This is why I don’t waste my money on organic food…
I don’t waste my money on organic food.
I invest in my temple.
It’s amazing that we have been labeling “organic” foods for the past 12 years, but the term is still misconstrued and unclear. If you want a simple definition of organic, it basically means “food as God intended.” Let me explain.
The food we get from plants and animals generally goes through a number of steps before it hits our plates. One major step is the growing process. As they grow, plants and animals can be fed certain chemicals to make it grow faster, so the business can make more money. Plants and animals can also be fed hormones to make them grow bigger, so the business can make more money. Plants and animals can be fed dyes to make them grow more colorful, so the business can make more money. While these may be the items that are the most common and least expensive in the produce and meat sections, guess what…none of these chemicals will help build our temple.
Now let us consider “organic” food. According to the USDA, “organic agriculture produces products using methods that preserve the environment and avoid most synthetic materials, such as pesticides and antibiotics. The Academy of Nutrition and Dietetics puts it like this, “To clarify: Organic foods aren’t necessarily grown without pesticides or fertilizers, but instead with those types found naturally in the environment, with substances on an approved list, or with insects that are natural predators.”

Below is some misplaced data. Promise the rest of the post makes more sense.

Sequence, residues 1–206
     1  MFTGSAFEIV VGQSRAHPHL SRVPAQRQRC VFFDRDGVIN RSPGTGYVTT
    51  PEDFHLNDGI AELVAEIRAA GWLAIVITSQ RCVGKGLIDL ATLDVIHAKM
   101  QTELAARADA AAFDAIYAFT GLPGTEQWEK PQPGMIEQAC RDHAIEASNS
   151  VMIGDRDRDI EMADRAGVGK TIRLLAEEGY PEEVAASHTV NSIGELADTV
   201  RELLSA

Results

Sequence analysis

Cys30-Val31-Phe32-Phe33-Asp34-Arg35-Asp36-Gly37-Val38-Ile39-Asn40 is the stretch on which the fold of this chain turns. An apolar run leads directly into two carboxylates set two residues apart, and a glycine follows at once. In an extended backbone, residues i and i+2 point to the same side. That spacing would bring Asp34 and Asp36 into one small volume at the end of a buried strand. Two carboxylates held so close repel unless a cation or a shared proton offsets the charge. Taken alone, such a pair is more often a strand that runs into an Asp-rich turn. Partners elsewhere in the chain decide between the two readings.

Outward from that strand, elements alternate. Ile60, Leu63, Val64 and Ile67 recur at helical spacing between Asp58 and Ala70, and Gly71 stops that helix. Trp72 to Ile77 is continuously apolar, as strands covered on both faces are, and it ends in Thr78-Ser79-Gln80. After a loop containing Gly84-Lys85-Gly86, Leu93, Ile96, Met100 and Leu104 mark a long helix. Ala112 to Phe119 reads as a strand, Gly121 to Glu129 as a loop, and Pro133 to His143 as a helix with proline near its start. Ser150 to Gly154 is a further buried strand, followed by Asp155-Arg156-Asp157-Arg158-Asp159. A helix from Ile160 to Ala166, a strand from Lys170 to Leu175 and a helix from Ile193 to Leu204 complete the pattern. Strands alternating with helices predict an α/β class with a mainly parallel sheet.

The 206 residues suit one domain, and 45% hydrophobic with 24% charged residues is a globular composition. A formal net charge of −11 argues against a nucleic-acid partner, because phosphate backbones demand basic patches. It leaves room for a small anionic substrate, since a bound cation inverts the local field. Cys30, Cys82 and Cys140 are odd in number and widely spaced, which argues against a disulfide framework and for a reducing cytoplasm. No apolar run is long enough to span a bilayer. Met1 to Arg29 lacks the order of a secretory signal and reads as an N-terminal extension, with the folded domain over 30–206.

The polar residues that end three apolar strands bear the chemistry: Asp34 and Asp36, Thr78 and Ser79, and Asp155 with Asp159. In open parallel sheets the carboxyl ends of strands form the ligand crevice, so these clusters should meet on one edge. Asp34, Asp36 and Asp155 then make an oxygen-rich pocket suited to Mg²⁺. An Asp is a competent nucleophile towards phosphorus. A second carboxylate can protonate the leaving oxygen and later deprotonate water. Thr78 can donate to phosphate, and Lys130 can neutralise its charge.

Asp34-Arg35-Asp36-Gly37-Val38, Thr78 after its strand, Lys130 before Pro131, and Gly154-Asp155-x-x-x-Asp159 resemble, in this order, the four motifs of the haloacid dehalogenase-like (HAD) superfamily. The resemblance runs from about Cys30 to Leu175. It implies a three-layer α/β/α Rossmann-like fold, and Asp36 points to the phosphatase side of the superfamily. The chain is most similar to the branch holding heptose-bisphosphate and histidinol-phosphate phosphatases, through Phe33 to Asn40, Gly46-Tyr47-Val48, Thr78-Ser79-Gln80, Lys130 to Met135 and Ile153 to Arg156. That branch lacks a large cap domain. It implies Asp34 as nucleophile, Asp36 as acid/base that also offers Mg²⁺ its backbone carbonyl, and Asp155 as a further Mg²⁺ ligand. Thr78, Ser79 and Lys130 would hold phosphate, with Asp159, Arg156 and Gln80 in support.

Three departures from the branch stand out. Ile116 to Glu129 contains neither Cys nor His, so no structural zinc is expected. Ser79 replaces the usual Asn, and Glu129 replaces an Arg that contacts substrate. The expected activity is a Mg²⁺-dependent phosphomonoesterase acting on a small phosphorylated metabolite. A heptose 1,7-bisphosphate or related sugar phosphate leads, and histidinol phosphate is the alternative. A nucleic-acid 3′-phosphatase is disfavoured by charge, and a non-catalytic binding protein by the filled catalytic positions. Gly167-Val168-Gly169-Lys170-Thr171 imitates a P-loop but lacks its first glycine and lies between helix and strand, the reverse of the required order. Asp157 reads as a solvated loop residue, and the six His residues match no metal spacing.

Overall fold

What does this mean? Short of growing our own food in our backyard and monitoring everything that happens to it, organic food is “food as God intended.” Why? Just like in Genesis 1:29-30, the food is allowed to grow without an overload of chemicals, hormones, dyes, etc.
We are what we eat, but we are also what what we eat ate. (Get it? Tehe). This is important because, if we eat chemically-laden food, we become chemically laden as well. If we eat hormone-saturated food, we become hormone-saturated as well. (Ever wonder why our girls are developing so much faster these days)? That’s why I don’t see purchasing organic as a waste of money. Instead, I look at it as investing in my temple.
Since buying ALL organic can get expensive, here are a few strategies to keep it affordable:
- If it’s something that most people eat a lot of, buy it organic (apples, oranges, bananas, spinach, cucumbers, etc). This is because companies want to capitalize on the demand, so they will do whatever they can to produce as much as possible, including adding chemicals.
- Buy meat organic. Our bodies are really sensitive to hormones. Hormones are added to most meats, , so it’s just better overall to buy meat organic.
- If it’s something you eat all the time, buy it organic. I really enjoy kale chips, so it’s better for me to buy it organic. That way I know I’m ingesting quality product. For you, it may be sweet potatoes or mangoes.
- Look for the USDA Organic label. Many companies have started using variations of the word “organic” in their company name as a marketing tactic. Be a smart consumer by looking for the USDA Organic label.
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